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The Backlash: Right-Wing Radicals, High-Def Hucksters, and Paranoid Politics in the Age of Obama

de Will Bunch

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Bunch reveals the secrets he sees behind the crusade against Obama, exploring how forces like radical militia groups, the Tea Party, pro-gun zealots, and Glenn Beck have combined old-fashioned populist outrage with digital-age phobias to produce a wave of resentment that many have ridden straight to the bank.… (mais)

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There are many things that connect us all, no matter where we live, what color we are and which God we believe in. One of the deepest and most integral of those connections is fear. We all have it, whether it’s worrying about the spread of Communism, the shortage of scientific breakthroughs toward a cure for cancer, or maybe just late night jitters about the foul-smelling thing hiding underneath the bed. Most of it can be boiled down to a simple phrase, “fear of the other“. While some fears can be debated and argued as being justified, the underlying problem with fear is that once someone or something knows what your fear is, it can be used against you as a weapon. People throughout history have made their livelihoods based on that fact alone and it is on proud display here in the present day inside the formation of the Tea Party movement and the outlandish opposition to Barack Obama.

The Backlash by Will Bunch is a well thought out and deeply researched journey into the heart of the fear that sprung forth like snakes-in-a-can upon the inauguration of our new President. While many progressives and liberals clamor from the sideline, poking fun at the Tea Party and their growing membership, Bunch takes the honorable mission of tracing the movement to some of its more humble beginnings and the people actually at the ground level. What he discovers is real people with real fears who are being co-opted by big business and private interests in order to stop the change promised by the new administration.

One of the first things most people were introduced to when they saw the Tea Party crash onto the political scene was their fascination and fervor for protest signs and costumes. While this might have increased their news coverage, it also quickly devalued their message. From the subtle to the incredibly overt, racist slogans and imagery littered the reports of the fledgling movement giving an overall impression that everyone involved had the same color-coded mission, to purify the White House, and by extension, the country as a whole. On one side of the cable news spectrum (MSNBC, CNN, BBC, etc…) the Tea Party was characterized as rednecks that time had obviously left behind, while the other side (championed by Fox News) raised them onto the pedestal of patriots and grassroots revolution hailed as “real America”. The problem here is that neither description is true, but labels are sticky and even removed they can leave a nasty residue behind.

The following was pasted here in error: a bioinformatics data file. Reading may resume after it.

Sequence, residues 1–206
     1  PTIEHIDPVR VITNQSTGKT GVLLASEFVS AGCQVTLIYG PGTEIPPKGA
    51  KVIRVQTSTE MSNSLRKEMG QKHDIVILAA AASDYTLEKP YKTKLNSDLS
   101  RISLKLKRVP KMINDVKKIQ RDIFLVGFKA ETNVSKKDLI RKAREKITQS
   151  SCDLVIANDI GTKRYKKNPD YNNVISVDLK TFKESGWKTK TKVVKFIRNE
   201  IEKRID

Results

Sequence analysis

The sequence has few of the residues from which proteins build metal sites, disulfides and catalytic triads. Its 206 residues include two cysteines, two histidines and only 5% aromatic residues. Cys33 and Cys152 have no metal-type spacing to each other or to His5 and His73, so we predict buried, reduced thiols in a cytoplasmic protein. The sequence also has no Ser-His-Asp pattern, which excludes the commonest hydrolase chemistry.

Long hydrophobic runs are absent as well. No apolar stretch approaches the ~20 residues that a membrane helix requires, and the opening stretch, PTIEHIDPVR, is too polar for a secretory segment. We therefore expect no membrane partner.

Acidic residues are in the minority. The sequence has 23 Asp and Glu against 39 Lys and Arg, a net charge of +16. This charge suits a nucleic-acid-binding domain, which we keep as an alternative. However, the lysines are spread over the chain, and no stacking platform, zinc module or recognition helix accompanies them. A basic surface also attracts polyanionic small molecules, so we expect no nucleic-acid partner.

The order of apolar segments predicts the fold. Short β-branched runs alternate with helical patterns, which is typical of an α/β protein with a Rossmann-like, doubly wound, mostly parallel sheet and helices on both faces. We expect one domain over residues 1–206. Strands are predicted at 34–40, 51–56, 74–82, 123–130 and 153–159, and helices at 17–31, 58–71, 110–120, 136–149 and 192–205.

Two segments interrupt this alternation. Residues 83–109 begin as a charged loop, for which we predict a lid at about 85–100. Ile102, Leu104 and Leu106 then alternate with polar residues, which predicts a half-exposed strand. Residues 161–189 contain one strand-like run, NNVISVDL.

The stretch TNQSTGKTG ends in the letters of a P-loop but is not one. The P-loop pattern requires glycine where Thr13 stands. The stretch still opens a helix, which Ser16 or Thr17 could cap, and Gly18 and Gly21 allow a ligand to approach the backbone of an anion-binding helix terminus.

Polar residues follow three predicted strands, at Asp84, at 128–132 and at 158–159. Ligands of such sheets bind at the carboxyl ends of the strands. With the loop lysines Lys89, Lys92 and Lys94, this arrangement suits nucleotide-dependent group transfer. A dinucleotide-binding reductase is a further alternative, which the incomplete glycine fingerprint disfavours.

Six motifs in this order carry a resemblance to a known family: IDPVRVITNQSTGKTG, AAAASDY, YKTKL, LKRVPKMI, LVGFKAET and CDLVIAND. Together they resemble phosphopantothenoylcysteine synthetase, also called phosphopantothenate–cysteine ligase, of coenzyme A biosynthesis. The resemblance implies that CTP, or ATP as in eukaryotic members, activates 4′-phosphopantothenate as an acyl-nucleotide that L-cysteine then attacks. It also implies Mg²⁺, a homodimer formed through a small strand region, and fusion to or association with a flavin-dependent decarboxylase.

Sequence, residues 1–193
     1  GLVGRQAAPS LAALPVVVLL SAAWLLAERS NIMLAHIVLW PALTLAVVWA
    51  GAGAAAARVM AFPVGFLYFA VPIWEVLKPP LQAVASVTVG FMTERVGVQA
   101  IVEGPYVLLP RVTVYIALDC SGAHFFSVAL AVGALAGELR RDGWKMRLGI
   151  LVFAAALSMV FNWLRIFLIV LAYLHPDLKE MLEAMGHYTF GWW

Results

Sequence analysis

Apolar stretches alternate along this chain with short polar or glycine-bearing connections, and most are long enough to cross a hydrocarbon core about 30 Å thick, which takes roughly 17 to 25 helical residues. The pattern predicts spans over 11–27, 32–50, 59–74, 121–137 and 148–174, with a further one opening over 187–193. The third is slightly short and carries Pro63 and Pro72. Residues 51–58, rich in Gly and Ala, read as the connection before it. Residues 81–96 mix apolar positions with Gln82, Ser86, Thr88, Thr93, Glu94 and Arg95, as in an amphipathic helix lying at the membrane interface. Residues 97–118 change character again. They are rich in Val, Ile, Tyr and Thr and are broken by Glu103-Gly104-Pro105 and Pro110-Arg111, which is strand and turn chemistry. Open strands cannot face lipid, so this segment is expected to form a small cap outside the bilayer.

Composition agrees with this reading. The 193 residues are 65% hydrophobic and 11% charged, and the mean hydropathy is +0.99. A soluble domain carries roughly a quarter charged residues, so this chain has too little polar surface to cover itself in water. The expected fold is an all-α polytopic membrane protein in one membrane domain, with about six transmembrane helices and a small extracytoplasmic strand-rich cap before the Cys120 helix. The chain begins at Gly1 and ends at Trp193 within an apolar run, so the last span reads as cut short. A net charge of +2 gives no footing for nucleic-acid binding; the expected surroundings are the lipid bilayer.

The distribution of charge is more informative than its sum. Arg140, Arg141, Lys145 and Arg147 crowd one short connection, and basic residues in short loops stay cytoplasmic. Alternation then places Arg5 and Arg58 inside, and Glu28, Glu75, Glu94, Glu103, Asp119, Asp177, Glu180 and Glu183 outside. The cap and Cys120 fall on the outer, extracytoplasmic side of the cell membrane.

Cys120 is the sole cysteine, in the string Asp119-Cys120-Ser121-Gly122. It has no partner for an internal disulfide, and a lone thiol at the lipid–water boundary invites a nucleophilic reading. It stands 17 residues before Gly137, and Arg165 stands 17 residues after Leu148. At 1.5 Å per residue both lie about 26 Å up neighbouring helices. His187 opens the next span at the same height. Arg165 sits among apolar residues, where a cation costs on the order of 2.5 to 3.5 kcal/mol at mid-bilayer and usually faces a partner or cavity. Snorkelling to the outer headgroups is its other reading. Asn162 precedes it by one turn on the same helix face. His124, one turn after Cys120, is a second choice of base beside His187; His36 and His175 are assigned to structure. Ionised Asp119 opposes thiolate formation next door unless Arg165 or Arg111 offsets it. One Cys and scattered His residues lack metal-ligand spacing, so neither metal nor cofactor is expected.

Another factor behind the proliferation of the “real America” illusion was those pundits and political commentators who saw the Tea Party as the lightning-in-a-bottle moment they were waiting for. Once they grabbed onto the coattails of fear inside the Tea Party, people such as radio/TV/internet phenom Glenn Beck wove those coattails around and around into each other until the fear escalated into paranoia, which in the ratings world is a wonderful thing. Beck had actually boiled it down to a simple equation, the bumper-sticker solution to all the fear in the country:

On his November 23, 2009 show, Beck went back again to the theme of a looming economic meltdown and recommended to his listeners what could just as well be a mantra of the right-wing movement in this new decade: “The 3 G system” of “God, Gold and Guns.”

Beck skyrocketed in popularity and influence, like many of the voices from the outer right-wing fringe, preying on the fears of people feeling like their country was forgetting about them. He wheeled out his chalkboard day after day, giving his viewers something familiar from their childhood, a symbol of learning which they all believed would never lie to them. Beck littered the surface of the chalkboard with various historical people and moments, drawing incredibly slippery and weak connections between them to prove any conspiracy theory he imagined that morning. Worse than that were those occasions where he blatantly misrepresented the views of historical figures to grant his own ideas more credence. Bunch illustrates that nicely in this section:

“Beck – and probably many of his listeners – would be turned off by many of the views of the real Thomas Paine. For one thing, while Beck has tried to argue that America’s true roots lie in Christianity, the real Thomas Paine was a Deist who loathed organized religion, writing in “The Age of Reason” that all churches “appear to me no other than human inventions, set up to terrify and enslave mankind, and monopolize power and profit.”